Have you ever wondered what kinds of questions other LSL professionals are asking? We were wondering too! The results are in, find out what professionals want to talk about.
Have you ever wondered what kinds of questions other listening and spoken language (LSL) professionals are asking? If what is important to you about serving children who are deaf or hard of hearing is important to your LSL peers? Well, at Hearing First we were wondering too!
Hearing First is soon launching an online professional learning community for LSL professionals to connect and learn, and to advance their LSL practice. During our preparations we had a few questions. What do LSL professionals want to talk about, learn about and what challenges do they want to solve?
So we sent out a survey to gather some thoughts from our followers.
The results are in and we now have some insights about the kinds of discussions and learning experiences LSL professionals are interested in having in a learning community.
Professionals are extremely likely to participate in topics to advance their practice in audiological management, the relationship between brain development and technology, and infant hearing device wear time
More babies today are identified with hearing loss through newborn hearing screening, which means we are assessing and providing LSL intervention for younger babies. LSL professionals are extremely likely to talk about strategies that empower parents to participate and tools to provide complete information to parents at diagnosis.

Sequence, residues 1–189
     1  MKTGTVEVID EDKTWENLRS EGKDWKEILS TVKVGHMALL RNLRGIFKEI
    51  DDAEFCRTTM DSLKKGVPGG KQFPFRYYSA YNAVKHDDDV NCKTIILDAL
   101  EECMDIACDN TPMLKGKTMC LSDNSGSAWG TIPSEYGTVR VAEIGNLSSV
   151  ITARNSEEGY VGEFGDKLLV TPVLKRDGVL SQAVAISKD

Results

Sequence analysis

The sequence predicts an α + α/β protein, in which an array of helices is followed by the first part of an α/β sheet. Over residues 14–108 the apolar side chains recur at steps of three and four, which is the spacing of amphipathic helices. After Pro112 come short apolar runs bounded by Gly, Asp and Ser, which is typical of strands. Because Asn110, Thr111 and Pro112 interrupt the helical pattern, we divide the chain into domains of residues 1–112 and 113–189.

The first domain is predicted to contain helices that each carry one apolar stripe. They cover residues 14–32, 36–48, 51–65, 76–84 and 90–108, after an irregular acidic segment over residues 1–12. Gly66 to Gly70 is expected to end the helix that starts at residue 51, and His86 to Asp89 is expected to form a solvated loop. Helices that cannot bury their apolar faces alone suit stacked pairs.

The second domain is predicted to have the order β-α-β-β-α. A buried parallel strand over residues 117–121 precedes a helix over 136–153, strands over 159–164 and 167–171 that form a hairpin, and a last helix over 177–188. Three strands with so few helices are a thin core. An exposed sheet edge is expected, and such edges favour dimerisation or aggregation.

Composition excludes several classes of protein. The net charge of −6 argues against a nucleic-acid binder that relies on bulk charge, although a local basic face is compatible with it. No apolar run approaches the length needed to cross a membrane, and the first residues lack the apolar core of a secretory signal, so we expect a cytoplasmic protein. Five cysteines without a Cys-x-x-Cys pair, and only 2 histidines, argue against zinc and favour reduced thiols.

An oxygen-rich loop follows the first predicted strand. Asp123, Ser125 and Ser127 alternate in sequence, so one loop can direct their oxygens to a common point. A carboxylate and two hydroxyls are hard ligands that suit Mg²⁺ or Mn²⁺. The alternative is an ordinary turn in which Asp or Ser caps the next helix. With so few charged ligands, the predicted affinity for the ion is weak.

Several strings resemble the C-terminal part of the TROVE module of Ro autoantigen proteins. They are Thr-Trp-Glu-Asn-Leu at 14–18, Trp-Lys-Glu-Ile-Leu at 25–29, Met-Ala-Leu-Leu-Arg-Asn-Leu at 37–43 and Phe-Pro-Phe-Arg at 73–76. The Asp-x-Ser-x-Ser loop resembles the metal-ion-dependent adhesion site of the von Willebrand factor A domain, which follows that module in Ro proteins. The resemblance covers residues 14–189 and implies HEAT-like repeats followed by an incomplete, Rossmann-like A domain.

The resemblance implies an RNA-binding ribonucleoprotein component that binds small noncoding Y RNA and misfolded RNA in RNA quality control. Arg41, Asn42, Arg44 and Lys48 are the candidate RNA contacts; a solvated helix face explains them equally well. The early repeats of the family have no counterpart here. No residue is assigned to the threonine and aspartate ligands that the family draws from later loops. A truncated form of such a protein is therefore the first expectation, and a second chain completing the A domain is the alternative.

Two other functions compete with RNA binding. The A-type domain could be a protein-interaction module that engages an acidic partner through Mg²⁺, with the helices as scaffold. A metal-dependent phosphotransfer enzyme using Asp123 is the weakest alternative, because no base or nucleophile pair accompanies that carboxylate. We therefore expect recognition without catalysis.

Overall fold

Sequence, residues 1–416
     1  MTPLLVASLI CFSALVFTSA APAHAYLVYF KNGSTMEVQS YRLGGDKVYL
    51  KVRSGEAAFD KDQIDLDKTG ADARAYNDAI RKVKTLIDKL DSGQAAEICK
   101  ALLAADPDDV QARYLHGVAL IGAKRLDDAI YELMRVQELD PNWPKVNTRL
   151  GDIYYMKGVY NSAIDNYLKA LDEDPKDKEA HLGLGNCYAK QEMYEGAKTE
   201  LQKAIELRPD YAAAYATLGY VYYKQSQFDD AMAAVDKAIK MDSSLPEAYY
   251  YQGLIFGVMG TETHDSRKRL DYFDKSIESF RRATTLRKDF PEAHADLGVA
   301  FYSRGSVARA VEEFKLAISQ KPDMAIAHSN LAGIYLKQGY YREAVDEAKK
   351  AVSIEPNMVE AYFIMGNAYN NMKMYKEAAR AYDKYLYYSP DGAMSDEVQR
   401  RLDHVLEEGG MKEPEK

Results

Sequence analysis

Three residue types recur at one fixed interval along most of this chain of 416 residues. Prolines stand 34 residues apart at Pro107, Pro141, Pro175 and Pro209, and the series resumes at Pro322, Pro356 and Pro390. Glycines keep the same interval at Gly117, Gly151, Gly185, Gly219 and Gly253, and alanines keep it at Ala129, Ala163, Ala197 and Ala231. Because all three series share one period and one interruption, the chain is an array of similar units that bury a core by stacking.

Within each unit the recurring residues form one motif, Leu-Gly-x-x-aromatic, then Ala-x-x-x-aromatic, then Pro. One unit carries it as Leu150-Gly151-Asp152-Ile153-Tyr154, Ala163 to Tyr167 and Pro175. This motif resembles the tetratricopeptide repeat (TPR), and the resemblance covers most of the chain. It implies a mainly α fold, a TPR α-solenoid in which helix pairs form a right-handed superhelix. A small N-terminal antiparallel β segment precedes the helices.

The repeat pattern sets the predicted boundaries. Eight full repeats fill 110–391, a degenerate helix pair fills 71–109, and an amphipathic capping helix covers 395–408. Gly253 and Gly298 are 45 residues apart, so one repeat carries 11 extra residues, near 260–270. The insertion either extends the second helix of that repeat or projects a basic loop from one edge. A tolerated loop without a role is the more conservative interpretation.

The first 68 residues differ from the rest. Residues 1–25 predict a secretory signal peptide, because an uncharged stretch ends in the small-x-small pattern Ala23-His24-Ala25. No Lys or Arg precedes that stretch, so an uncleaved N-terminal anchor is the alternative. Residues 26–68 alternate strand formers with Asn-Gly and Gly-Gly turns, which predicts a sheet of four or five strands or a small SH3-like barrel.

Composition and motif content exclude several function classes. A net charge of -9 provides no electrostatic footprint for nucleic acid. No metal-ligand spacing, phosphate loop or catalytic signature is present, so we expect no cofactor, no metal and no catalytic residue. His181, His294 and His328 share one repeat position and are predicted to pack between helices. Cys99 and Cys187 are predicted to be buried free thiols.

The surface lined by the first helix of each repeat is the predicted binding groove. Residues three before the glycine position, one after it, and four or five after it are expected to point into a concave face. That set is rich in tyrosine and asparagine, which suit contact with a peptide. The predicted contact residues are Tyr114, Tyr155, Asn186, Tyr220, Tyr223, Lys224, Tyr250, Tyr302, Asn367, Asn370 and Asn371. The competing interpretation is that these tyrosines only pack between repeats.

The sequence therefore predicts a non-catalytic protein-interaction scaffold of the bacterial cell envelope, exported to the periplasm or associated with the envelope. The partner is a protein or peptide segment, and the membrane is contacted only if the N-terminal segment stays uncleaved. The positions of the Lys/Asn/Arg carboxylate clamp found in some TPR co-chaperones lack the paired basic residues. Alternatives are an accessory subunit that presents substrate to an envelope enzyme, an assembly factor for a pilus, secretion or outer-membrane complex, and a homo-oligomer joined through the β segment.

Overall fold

LSL strategies and techniques are a hallmark for teaching babies who are deaf to listen and talk. LSL professionals are extremely likely to talk about teaching these strategies to parents of babies as well as using them in the preschool classroom. They also want to talk more about activities that focus on daily routines, books and other intervention activities for young children.
There is much to know and apply when it comes to early skill development. LSL professionals are extremely likely to learn more about auditory skill development, language, and social/emotional development.
As LSL professionals we want children who are deaf to achieve grade level reading by third grade, equivalent to their hearing friends. So, it stands to reason LSL professionals want to keep the literacy conversation going. They want to talk about intervention strategies to achieve literacy goals and the relationship between literacy and language.
Of course there are many other topics of interest to LSL professionals. Many are likely or extremely likely to participate in discussions about teleintervention, coaching and mentoring, leadership and collaboration and research. We’ll share more about these topics in later posts.
As we prepare to launch the Hearing First Professional Learning Community later this summer, we are focusing on providing a space for LSL professionals to share and learn from each other, one where we can learn out loud and have conversations about the topics that we wonder most about.
We are building a community platform where professionals from different disciplines, and different stages along their career journey, can advance their practice and the LSL field. We will be encouraging LSL professionals to join us for deep conversations and learning experiences that will change and improve LSL outcomes for children who are deaf or hard of hearing.
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